In a landmark study,1 the Cappellini group performed a proteomic analysis of a 43,000-year-old femur belonging to a woolly mammoth (Mammuthus primigenius) that was preserved in Siberian permafrost and collected in Yakutia, Russia.2 This study represents the value of shotgun proteomics techniques in learning about ancient proteins and opens the door to potential phylogenetic inferences that were previously unavailable due to fossil degradation.
Remains from two mammoths (Dent mammoth, Mammuthus columbi, Colorado, and the La Sena mammoth, Mammuthus columbi, from southwest Nebraska) preserved in temperate climates were obtained and processed identically to the Siberian mammoth for comparison with the Siberian mammoth.
For this analysis, two microcore samples of approximately 2 mm in diameter were taken from the preserved mammoths. Proteins were extracted and analyzed using nanoﬂow reversed-phase C18 liquid chromatography along with tandem mass spectrometry (LC-MS/MS) as described previously,3 on an EASY-nLC system (Proxeon Biosystems) coupled to an LTQ-Orbitrap Velos (Thermo Scientific).
MS spectra obtained were searched using the Mascot 2.2 algorithm, in addition to 106,573 forward and reverse mammalian protein sequences and protein entries found in the Ensembl elephant (Loxodonta africana) genome.
Results of this study identified 126 proteins from the 43,000-year-old Siberian mammoth. More than 90% of the proteins reported had not been identified previously through high-resolution MS, and the proteomic profile observed was consistent with results described from modern bone by Jiang et al.4
Serum albumin was among the best characterized proteins. Albumin from the Siberian mammoth contained two single amino acid substitutions when compared with proteomes of extant African (Loxodonta africana) and Indian (Elephas maximus) elephants. Analysis also showed strong evidence of amino acid modifications due to postmortem hydrolytic and oxidative damage.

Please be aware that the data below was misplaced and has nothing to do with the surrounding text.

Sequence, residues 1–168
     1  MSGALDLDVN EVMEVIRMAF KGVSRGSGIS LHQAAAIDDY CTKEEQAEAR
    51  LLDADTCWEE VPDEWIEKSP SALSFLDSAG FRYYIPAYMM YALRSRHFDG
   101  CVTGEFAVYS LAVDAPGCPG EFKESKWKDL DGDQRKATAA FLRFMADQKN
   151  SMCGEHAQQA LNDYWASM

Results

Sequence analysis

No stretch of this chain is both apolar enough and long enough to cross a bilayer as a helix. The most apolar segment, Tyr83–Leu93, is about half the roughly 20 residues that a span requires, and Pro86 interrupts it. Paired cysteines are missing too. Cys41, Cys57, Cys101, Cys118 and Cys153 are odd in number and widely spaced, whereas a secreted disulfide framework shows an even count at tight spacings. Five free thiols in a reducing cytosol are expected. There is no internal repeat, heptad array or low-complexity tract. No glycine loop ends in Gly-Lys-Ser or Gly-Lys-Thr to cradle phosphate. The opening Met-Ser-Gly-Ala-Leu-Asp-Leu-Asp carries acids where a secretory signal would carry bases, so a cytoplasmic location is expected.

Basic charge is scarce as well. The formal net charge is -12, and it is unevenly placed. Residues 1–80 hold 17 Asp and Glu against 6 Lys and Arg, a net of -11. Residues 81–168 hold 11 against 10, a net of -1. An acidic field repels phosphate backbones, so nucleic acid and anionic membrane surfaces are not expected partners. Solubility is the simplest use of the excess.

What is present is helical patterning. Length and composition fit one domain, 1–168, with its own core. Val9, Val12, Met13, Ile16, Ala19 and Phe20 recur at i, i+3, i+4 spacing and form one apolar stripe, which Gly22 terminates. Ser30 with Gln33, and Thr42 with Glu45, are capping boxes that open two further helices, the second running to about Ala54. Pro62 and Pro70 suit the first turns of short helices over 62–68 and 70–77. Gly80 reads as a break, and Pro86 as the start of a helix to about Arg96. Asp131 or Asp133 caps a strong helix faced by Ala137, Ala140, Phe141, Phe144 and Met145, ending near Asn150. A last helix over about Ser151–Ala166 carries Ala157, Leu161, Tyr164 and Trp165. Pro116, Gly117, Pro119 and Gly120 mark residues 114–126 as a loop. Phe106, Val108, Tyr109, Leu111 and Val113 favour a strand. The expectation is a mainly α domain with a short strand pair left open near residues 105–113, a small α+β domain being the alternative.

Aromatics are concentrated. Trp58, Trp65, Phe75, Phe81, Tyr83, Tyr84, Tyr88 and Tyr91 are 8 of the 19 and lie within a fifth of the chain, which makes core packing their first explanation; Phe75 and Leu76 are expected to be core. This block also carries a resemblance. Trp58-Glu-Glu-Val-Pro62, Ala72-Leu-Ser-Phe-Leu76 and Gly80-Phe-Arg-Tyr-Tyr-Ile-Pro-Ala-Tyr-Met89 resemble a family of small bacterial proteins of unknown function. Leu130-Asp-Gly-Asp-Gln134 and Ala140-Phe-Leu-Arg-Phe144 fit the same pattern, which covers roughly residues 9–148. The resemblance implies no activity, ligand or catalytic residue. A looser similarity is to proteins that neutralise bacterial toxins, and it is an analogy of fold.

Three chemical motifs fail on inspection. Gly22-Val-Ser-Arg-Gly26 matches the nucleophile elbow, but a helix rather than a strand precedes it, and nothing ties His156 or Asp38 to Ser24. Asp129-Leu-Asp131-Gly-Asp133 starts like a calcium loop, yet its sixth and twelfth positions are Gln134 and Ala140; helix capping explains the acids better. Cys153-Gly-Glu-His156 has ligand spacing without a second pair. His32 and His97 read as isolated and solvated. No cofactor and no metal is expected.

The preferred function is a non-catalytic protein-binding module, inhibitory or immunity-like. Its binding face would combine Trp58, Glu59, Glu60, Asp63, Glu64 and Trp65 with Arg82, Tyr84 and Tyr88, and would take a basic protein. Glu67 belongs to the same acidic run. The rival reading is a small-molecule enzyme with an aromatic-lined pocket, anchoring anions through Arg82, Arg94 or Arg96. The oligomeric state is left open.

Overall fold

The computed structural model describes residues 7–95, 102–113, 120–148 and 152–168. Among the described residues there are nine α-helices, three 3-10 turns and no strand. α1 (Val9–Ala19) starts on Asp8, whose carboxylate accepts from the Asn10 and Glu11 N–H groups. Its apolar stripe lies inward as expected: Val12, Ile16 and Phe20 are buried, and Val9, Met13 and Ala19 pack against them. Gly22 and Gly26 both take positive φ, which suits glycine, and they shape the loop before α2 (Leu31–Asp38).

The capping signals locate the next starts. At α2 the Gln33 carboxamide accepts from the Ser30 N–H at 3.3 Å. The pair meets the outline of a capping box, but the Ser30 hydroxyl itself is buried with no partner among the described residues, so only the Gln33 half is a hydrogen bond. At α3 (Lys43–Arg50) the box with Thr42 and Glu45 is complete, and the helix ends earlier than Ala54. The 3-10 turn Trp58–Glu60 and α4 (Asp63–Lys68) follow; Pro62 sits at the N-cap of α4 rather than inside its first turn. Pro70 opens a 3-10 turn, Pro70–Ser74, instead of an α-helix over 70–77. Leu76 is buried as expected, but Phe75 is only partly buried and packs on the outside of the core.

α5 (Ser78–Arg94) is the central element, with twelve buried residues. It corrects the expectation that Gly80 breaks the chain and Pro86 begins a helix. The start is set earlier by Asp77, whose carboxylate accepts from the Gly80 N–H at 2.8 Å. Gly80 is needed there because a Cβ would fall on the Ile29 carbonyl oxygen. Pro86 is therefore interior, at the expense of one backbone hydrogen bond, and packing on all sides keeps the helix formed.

Nineteen and 35 mammoth bone proteins were also characterized from the two mammoth specimens of M. columbi found in temperate locations. The Cappellini group suggested that proteomics has the potential to provide protein and peptide data far beyond the cold, high-latitude environments. This study also represents the value of shotgun proteomics techniques in learning about ancient proteins and opens the door to potential phylogenetic inferences that were previously unavailable due to fossil degradation.
1. Cappellini, E., et al. (2012) ‘Proteomic analysis of a pleistocene mammoth femur reveals more than one hundred ancient bone proteins‘, Journal of Proteome Research, 11 (2), (pp. 917–926)
2. Römpler, H., et al. (2006) ‘Nuclear gene indicates coat-color polymorphism in mammoths‘, Science, 313 (5783), (p. 62)
3. Olsen, J.V., et al. (2009) ‘A dual pressure linear ion trap Orbitrap instrument with very high sequencing speed‘, Molecular and Cellular Proteomics, 8 (12), (pp. 2759–2769)
4. Jiang, X., et al. (2007) ‘Method development of efficient protein extraction in bone tissue for proteome analysis‘, Journal of Proteome Research, 6 (6), (pp. 2287–2294)